Fig. 4

Action potential generation in mouse alpha cells is inhibited by membrane depolarisation and TEA. Cell membrane potential was monitored by current-clamp during whole-cell patch-clamp and intracellular dialysis of 3 mmol/ATP to close KATP channels, or by perforated patch-clamp as indicated (perf.). a Action potential (AP) peak voltage, amplitude (b) and frequency (c) for mouse alpha and beta cells. d Representative AP traces. e Cells were subjected to varying current injections as indicated to stimulate or suppress AP firing. f Histograms of AP firing frequency over the range of current injections in beta and g alpha cells, where 0.5 mmol/l TEA (black bars) caused a right-shift in AP firing in beta cells (f), but a left-shift in alpha cells (g). h Cells were pre-conditioned with 5 s current injections (−40 to 0 pA) to hold the membrane potential at varying degrees of hyperpolarisation or depolarisation, after which APs were elicited by a ramp current injection up to 0 pA. Representative traces are shown. i Voltage-dependent inactivation of AP firing in alpha cells (black line), with AP firing frequency over a range of resting membrane potentials shown in grey (based on data from previous panels f, g). *p < 0.05

Interestingly, action potential firing was not observed in alpha cells in the absence of current injection, but was observable in beta cells under this condition (Fig. 4eg). For action potential firing to be observed in alpha cells, injection of a negative, hyperpolarising current of approximately −8 pA was required. Further hyperpolarising current (−16 pA) was sufficient to prevent action potential activation in both cell types. This means that under the present condition of elevated intracellular ATP, alpha cell action potentials are elicited by a hyperpolarising rather than by a depolarising current, suggesting that depolarisation impairs alpha cell action potential firing, which can be restored by lowering the membrane potential.

Overall, alpha cells fired action potentials over a narrower range of current injections than beta cells (Fig. 4f, g). We then examined the effect of 0.5 mmol/l TEA, which we had observed to inhibit glucagon secretion, on action potential generation in alpha and beta cells. The addition of 0.5 mmol/l TEA promoted action potential firing in beta cells, but surprisingly inhibited action potential firing in alpha cells (Fig. 4f, g). In alpha cells, TEA caused a left-shift in the requirement for negative current injection. That is, a greater amount of hyperpolarising current injection (−16 pA) was required to ‘re-activate’ action potential firing in the presence of TEA (Fig. 4f, g). Therefore, a TEA-sensitive K+ current promotes alpha cell hyperpolarisation to allow regenerative electrical activity. When this current is inhibited, action potential firing can be re-activated by introduction of an exogenous hyperpolarising current.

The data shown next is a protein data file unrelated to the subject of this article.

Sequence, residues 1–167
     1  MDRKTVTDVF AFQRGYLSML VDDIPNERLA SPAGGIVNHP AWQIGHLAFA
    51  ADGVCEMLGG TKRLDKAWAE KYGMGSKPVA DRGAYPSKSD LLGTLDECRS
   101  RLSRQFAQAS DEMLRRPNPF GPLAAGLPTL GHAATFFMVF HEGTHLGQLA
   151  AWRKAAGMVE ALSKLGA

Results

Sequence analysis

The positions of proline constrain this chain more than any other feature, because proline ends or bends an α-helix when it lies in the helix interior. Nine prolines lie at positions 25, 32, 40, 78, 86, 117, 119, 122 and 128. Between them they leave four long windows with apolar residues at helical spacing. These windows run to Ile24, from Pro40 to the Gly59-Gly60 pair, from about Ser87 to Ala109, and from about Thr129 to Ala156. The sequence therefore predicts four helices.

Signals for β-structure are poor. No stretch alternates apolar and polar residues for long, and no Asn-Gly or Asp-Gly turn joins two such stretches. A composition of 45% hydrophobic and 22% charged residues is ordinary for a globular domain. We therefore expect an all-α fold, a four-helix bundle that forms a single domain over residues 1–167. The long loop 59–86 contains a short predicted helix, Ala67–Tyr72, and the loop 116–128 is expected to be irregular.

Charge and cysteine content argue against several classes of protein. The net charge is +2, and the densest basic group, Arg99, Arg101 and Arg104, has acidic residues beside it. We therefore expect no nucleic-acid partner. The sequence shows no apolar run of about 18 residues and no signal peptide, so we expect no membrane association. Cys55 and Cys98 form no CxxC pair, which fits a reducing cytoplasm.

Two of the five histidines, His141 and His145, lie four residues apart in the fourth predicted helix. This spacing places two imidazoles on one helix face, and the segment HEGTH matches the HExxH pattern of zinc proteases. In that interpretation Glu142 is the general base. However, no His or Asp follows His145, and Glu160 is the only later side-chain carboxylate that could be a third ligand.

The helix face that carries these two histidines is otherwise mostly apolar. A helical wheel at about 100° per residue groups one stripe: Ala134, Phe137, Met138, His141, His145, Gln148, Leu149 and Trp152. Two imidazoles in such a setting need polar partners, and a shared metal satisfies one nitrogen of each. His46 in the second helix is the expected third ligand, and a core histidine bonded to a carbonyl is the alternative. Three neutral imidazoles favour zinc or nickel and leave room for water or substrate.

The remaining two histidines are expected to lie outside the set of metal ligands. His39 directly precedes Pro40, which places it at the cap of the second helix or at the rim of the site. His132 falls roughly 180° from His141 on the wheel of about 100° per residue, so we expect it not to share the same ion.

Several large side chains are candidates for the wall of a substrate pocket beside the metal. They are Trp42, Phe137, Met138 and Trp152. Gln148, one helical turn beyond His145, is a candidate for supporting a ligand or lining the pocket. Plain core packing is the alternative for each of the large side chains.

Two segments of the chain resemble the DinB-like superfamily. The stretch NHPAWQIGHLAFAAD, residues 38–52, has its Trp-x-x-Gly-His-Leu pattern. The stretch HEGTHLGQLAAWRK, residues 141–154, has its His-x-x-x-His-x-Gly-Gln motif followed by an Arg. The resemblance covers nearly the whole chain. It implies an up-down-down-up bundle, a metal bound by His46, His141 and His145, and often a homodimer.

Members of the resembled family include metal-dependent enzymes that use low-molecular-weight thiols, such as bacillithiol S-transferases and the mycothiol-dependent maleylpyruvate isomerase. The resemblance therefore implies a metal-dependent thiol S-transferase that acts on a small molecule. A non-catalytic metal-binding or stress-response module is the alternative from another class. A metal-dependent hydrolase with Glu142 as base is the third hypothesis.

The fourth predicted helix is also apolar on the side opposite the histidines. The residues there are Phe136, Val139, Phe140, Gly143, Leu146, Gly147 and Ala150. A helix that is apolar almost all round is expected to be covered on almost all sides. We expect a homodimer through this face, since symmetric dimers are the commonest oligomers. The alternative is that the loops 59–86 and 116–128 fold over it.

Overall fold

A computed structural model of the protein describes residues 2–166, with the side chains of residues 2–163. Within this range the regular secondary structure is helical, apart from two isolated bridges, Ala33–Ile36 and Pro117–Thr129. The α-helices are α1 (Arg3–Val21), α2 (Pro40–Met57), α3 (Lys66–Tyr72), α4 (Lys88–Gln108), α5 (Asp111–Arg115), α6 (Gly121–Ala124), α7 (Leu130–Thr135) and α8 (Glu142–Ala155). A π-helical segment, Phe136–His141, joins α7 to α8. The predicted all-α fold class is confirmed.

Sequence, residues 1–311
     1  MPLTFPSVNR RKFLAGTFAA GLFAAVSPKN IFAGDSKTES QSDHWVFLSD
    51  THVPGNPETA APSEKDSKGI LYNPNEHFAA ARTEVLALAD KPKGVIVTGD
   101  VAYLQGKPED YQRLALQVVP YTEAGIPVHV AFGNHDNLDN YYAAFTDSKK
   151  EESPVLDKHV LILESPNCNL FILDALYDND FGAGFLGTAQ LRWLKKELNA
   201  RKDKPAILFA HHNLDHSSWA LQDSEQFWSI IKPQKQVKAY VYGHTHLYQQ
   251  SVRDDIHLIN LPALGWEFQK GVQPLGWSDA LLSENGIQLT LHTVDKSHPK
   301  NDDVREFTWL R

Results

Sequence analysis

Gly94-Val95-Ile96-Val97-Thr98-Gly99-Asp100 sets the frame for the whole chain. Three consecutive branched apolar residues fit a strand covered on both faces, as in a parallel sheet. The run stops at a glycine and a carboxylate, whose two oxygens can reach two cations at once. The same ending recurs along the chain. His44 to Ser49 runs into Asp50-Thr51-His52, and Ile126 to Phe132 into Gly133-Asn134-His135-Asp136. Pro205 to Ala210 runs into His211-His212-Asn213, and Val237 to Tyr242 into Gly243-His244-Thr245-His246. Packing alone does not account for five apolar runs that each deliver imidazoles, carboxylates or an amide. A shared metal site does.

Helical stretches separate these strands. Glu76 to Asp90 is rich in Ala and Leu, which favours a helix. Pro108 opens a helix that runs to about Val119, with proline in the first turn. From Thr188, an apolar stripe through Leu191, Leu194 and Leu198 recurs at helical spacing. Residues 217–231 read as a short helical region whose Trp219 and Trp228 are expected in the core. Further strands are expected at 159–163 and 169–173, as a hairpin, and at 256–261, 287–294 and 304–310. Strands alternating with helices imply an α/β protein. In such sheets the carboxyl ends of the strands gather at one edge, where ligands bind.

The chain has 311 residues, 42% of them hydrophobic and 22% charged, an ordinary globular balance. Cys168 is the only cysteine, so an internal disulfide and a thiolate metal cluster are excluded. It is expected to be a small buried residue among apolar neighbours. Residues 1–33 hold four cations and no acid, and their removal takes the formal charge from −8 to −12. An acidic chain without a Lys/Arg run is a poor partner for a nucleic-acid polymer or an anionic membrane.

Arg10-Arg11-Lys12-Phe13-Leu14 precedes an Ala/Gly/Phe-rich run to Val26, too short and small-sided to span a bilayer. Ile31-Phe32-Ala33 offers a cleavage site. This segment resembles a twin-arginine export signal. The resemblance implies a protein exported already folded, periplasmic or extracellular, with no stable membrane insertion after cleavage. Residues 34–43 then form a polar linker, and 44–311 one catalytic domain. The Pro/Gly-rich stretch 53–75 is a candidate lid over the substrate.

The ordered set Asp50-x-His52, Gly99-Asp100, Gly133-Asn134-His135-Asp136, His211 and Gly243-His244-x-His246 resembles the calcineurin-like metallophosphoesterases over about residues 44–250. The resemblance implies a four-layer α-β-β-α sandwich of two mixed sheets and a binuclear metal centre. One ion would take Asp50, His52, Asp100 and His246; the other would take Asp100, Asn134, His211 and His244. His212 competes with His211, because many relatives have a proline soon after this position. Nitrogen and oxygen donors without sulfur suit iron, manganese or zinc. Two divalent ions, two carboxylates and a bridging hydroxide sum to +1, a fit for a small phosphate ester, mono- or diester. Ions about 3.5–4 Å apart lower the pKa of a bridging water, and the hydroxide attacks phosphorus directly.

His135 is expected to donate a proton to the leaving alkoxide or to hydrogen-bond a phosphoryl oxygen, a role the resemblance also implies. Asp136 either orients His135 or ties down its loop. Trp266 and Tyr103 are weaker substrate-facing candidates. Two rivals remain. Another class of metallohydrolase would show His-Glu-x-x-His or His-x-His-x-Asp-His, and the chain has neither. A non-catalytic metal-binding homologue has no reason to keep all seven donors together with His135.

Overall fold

The ‘re-activation’ of action potential firing in alpha cells by introduction of hyperpolarising current suggests that alpha cell action potential firing is inactivated by depolarisation, probably due to inactivation of Na+ and Ca2+ channels [3, 18]. To examine the depolarisation-dependence of alpha cell action potentials directly, we subjected alpha cells to 5 s conditioning current injections (ranging from −40 to 0 pA), which effectively set the resting membrane potential at a series of increasing values (between −120 and −10 mV). The membrane potential was then brought to a negative potential and depolarised with a ramp-injection to 0 pA, to elicit one or more action potentials (Fig. 4h, i). Action potentials could be elicited from beta cells, even following pre-conditioning at relatively depolarised membrane potentials (i.e. >−50 mV) (Fig. 4h). However, action potentials elicited from alpha cells were severely impaired by pre-conditioning at these depolarised potentials. This voltage-dependent inactivation of action potential firing occurred with a mid-point of −40.9 ± 2.6 mV (n = 14), was similarly observed in perforated-patch experiments with a mid-point of −37.1 ± 4.8 mV (n = 8) and paralleled the membrane potentials at which action potential firing declined during the 1 s current injections (Fig. 4i). Therefore, alpha cell action potentials are inhibited by membrane depolarisation.

Mouse alpha cell Kv currents are largely mediated by Kv2 channels

We examined the effect of isoform-specific inhibitors on Kv currents in mouse and human alpha cells (Fig. 5). The Kv4.2/Kv4.3 inhibitor phrixotoxin (100 nmol/l) failed to inhibit Kv current in mouse alpha cells (Fig. 5a–c). Iberiotoxin (100 nmol/l), an inhibitor of the large-conductance Ca2+- and voltage-sensitive K+ channel BK, had a small but insignificant effect on mouse alpha cell Kv currents (Fig. 5a–c). However, stromatoxin (100 nmol/l) produced a 51% inhibition of mouse alpha cell Kv current at 70 mV (p < 0.001, n = 10). Stromatoxin inhibits Kv2.1 and Kv2.2 by causing a right-shift in the voltage-dependence of channel activation. Indeed, the majority of alpha cell Kv current activation was right-shifted to potentials greater than 40 mV (Fig. 5c), and we estimate that the stromatoxin-sensitive current accounts for 80% of mouse alpha cell Kv current.
Fig. 5